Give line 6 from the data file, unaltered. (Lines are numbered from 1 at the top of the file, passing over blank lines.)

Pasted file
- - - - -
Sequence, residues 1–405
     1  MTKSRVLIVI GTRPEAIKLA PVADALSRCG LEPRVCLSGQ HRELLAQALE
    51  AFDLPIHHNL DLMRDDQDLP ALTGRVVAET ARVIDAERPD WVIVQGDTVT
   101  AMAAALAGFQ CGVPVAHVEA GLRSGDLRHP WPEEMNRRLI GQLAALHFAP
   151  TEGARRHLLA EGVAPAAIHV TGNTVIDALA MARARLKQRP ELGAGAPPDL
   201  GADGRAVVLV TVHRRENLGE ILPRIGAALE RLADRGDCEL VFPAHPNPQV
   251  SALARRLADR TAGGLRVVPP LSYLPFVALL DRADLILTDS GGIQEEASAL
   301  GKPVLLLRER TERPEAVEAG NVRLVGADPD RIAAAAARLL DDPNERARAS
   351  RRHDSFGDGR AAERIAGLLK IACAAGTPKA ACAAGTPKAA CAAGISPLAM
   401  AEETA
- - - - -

   201  GADGRAVVLV TVHRRENLGE ILPRIGAALE RLADRGDCEL VFPAHPNPQV